The Dynamic Mode of
Next: Weather Modification Funding
As noted in Cotton and Pielke (1995) the dominant process for precipitation formation in warm clouds is collision and coalescence. We have seen that this process is very effective in clouds which are warm-based and maritime, or have substantial liquid water contents. The collision and coalescence process among liquid drops is also an important contributor to rain formation in many mixed-phase clouds, and the presence of supercooled drizzle-drops and raindrops enhances the rate of formation of precipitation in supercooled portions of clouds as well.
One method of seeding clouds to enhance precipitation is to introduce hygroscopic particles (salts) which readily take on water by vapor deposition in a supersaturated cloudy environment. The conventional approach is to produce ground salt particles in the size-range of 5-100 , and release these particles into the base of clouds. These particles grow by vapor deposition and readily reach sizes of 25 to 30 in diameter or greater. They are then large enough to serve as ``coalescence'' embryos and initiate or participate in rain formation by collision and coalescence.
Cotton and Pielke (1995) reviewed the various physical and statistical experiments that have been carried out over the years. The results of the statistical experiments were generally inconclusive though some suggested positive effects. Observational and modeling studies provide further support that at least in some clouds, the addition of hygroscopic seeding material can broaden drop-spectra and at least hasten the onset of precipitation formation. We concluded that `` there appears to be a real opportunity to enhance rainfall through hygroscopic seeding in some clouds. It has not been determined how open the `window of opportunity' actually is. In warm-based, maritime clouds the rate of natural production of rainfall may be so great that there is little opportunity to beat nature at its own game. On the other hand, some cold-based continental clouds may have so many small droplets that seeding-produced big drops cannot collect them owing to very small collection efficiencies. Thus there probably exists a spectrum of clouds between these two extreme types that have enough liquid water to support a warm cloud precipitation process that can be accelerated by hygroscopic seeding. The problem is ``to identify those clouds, and deliver the right amount of seeding material to them at the right time.''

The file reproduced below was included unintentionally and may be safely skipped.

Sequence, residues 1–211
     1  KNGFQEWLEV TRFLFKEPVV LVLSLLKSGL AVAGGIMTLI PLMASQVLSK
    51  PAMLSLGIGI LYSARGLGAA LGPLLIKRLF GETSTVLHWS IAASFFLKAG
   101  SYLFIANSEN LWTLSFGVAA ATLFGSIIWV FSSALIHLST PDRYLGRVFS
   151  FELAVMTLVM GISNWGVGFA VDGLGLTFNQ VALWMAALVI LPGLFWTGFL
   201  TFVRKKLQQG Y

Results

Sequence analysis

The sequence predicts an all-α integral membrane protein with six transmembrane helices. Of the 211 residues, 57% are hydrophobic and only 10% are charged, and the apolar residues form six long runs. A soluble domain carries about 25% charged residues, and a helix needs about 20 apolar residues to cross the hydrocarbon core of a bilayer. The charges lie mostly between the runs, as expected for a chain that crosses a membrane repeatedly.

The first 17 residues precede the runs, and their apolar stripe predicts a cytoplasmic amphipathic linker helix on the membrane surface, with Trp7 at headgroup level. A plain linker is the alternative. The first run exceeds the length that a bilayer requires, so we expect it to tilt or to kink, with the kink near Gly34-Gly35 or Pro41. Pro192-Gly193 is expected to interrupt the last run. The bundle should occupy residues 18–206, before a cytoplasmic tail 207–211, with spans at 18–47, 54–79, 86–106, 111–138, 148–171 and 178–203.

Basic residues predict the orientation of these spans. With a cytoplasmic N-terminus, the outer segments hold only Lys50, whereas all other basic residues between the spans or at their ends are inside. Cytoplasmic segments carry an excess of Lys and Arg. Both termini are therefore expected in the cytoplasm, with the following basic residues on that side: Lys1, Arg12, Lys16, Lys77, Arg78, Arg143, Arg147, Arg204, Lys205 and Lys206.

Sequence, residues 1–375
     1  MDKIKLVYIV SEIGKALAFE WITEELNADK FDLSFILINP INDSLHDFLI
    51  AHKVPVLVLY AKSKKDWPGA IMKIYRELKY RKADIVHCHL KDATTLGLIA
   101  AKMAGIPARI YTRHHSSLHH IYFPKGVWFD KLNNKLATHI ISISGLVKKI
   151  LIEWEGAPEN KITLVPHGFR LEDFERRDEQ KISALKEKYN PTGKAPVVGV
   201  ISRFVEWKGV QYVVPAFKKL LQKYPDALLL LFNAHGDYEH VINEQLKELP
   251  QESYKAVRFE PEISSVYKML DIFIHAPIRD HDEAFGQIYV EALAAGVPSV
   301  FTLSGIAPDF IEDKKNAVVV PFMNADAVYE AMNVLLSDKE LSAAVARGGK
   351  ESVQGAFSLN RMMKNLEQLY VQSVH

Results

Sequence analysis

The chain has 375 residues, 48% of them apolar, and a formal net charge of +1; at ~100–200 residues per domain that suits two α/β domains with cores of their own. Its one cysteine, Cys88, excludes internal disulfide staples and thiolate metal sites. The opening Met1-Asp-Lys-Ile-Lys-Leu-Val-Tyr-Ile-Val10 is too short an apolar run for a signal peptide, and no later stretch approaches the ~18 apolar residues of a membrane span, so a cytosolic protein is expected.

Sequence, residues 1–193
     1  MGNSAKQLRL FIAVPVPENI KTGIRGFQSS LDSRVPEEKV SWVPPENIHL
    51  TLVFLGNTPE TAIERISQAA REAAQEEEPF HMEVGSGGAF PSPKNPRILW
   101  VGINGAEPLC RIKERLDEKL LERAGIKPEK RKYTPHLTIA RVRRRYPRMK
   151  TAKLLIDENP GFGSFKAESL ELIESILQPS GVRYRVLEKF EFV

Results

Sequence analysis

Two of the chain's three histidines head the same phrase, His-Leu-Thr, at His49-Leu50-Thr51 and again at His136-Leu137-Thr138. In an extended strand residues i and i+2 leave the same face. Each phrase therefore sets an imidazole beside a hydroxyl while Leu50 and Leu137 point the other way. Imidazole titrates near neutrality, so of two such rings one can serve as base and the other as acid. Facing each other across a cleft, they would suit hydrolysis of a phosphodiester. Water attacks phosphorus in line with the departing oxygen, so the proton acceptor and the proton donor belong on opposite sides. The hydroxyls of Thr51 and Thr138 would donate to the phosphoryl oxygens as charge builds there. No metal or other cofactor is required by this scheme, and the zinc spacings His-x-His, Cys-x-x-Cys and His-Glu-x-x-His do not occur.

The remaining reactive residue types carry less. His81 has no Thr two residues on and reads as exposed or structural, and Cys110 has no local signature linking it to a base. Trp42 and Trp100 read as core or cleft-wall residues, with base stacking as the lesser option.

As optimism for significant precipitation enhancement by static seeding of supercooled clouds has waned, enthusiasm for the potential of hygroscopic seeding has grown. Two ongoing research programs, one in Thailand, the other in South Africa, have contributed to that enthusiasm.
The South African experiment was motivated by a report by Mather (1991) which suggested that large liquid raindrops at -10C found in a cumulonimbus were the result of active coalescence processes caused by the effluent from a Kraft paper mill. Earlier, Hobbs et al. (1970) found that the effluent from paper mills can be rich in cloud condensation nuclei (CCN). Moreover, Hindman et al. (1977a,b) found paper pulp mill effluent to have high concentrations of large and ultra-giant hygroscopic particles, which is consistent with the idea that the paper pulp mill effectively ``seeded'' the storm.